Lawyers Say Campaigner’s Landmark Legal Case Is More Relevant Than Ever Due To Asbestos In Public Buildings
Specialist asbestos-related disease lawyers at Irwin Mitchell attended an event on 18 November to mark the silver anniversary of a pioneering asbestos cancer research foundation, as new research shows that asbestos remains present in a great many public buildings across the country.
The trustees of the June Hancock Mesothelioma Research Fund (JHMRF) and guests gathered at the Eddie Gray Suite at Leeds United’s ground to present new research awards, hear about the latest progress and remember an amazing woman and a ground-breaking case that transformed support for those living with asbestos-related diseases.
It was also announced at the event that a blue plaque is also set to be unveiled by the Leeds Civic Trust at June’s childhood address, in memory of her and others whose lives were cut short after living close to the JW Roberts asbestos factory in Armley, Leeds.
While the JHMRF continues to support research into asbestos-related mesothelioma, the event was also an opportunity to shine a light on the continuing danger posed by asbestos. Far from being eradicated, the deadly substance still remains present in very many public buildings throughout the UK, including the majority of schools and hospitals.
Earlier this year, MPs said a 40 year deadline should be set for the removal of asbestos from the estimated 300,000 public and commercial buildings that still contain the substance. The report, from the Work and Pensions Select Committee was ultimately rejected by the Government.
To establish a clearer picture of asbestos in public buildings, Irwin Mitchell contacted 20 local authorities in the UK as part of new research looking at the numbers of buildings such as schools, libraries and leisure centres that still contain asbestos and how this is monitored.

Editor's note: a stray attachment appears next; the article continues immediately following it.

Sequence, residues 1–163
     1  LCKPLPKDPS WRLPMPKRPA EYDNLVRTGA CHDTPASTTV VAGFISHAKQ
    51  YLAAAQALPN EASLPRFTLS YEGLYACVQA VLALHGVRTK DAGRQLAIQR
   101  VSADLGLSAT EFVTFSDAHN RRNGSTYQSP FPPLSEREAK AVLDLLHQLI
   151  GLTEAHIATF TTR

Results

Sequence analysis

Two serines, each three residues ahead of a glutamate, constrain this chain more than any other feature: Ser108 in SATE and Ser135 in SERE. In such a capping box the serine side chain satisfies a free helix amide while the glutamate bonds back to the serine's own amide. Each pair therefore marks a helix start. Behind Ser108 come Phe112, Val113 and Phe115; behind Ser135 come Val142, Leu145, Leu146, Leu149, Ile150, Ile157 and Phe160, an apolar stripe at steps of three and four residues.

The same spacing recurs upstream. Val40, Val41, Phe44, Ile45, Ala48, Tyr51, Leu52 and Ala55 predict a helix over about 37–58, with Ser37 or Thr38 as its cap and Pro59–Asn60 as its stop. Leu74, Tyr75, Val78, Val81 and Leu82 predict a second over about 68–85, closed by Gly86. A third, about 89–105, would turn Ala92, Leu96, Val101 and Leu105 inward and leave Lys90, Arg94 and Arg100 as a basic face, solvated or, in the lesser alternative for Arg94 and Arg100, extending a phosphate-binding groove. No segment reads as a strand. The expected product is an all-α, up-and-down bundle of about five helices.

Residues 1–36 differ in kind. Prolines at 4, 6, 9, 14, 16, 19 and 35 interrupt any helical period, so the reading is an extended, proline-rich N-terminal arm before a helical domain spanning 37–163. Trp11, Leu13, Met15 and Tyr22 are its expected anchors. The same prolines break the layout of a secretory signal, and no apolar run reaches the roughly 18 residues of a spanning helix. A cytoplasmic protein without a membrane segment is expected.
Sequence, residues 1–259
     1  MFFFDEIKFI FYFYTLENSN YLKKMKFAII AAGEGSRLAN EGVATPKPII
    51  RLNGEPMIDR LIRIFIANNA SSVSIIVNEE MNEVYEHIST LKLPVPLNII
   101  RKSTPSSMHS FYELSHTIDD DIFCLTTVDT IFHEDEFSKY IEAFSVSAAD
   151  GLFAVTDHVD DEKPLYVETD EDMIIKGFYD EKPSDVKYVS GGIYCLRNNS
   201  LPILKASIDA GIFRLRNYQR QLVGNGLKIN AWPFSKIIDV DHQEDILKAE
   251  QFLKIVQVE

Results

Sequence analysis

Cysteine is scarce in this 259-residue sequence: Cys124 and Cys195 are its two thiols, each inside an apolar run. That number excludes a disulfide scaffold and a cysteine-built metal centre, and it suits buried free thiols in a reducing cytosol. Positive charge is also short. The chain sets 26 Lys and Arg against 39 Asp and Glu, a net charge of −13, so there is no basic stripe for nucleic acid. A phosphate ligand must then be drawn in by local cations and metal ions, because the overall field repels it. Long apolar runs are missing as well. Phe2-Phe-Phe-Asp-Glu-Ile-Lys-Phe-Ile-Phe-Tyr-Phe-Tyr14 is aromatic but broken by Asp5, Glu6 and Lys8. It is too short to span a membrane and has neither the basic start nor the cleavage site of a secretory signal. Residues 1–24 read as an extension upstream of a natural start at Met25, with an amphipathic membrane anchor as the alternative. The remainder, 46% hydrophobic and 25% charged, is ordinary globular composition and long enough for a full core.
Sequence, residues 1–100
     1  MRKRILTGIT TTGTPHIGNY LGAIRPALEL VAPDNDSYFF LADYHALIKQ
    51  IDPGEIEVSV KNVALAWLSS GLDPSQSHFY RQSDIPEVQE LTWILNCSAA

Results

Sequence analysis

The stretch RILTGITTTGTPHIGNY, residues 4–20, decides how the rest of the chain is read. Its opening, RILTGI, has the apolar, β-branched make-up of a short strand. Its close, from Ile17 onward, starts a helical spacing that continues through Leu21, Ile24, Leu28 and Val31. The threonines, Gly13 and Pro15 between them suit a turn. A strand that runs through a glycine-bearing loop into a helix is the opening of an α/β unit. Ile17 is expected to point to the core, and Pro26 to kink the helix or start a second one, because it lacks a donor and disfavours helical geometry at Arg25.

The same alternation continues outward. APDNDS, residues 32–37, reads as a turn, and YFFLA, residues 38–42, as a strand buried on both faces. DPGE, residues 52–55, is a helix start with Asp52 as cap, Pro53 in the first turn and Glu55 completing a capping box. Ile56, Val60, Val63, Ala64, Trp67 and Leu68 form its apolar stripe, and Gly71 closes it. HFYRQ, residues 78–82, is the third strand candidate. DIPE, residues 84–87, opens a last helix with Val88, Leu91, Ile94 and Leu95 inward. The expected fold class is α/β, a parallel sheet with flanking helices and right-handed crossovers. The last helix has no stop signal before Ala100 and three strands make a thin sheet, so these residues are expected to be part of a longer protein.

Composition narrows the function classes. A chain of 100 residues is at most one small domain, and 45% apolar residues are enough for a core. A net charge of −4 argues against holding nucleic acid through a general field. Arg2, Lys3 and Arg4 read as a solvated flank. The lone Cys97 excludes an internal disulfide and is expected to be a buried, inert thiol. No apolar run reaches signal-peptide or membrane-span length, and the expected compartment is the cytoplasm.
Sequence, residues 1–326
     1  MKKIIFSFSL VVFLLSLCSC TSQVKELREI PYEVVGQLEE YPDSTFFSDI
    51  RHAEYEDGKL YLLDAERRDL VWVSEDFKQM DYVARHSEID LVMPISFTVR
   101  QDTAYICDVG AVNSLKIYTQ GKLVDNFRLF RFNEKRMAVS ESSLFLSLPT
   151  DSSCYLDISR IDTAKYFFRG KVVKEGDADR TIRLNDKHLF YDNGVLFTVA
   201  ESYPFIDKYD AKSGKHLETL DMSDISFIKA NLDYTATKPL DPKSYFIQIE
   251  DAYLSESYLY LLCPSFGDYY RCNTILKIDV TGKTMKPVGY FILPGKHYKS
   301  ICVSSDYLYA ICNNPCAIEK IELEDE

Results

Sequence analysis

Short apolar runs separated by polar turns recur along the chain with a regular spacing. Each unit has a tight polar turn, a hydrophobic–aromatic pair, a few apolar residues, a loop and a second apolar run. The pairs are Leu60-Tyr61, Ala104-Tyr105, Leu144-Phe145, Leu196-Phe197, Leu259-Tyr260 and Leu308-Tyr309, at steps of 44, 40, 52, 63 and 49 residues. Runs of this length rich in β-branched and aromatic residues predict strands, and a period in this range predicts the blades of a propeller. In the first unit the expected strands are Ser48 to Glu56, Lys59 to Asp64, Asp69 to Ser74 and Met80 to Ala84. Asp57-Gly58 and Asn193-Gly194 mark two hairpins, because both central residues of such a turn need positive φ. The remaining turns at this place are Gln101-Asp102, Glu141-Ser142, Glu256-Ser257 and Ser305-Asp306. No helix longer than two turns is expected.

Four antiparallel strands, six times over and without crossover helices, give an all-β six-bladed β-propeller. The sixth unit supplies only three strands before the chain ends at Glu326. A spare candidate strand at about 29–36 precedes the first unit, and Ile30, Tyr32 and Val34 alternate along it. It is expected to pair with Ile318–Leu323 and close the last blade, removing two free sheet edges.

In response to Freedom of Information Requests (FOI), local authorities reported hundreds of buildings still containing asbestos, with Bradford, Kirklees and Sheffield reporting over 660 buildings. Leeds Council was unable to comply with the request.
Schools, community centres and residential buildings all featured high on the lists and while all had carried out asbestos surveys on all their properties in the last five years, none reported asbestos being removed during the same period.
Expert Opinion“It’s hard to believe that 25 years have passed since the founding of the JHMRF and even longer since June’s famous victory for victims of asbestos-related disease everywhere.
“June’s success literally changed the legal landscape for those seeking compensation for their illness, giving hope to thousands of others and proved vital in raising awareness of asbestos.
“This event is a time to remember June and the amazing things we have been able to achieve for others like her since, but also to reflect on the fact that 25 years on, the battle is far from over.
“Our research shows asbestos remains present in large numbers of public buildings and our findings reveal different attitudes to surveys and removal options from council to council.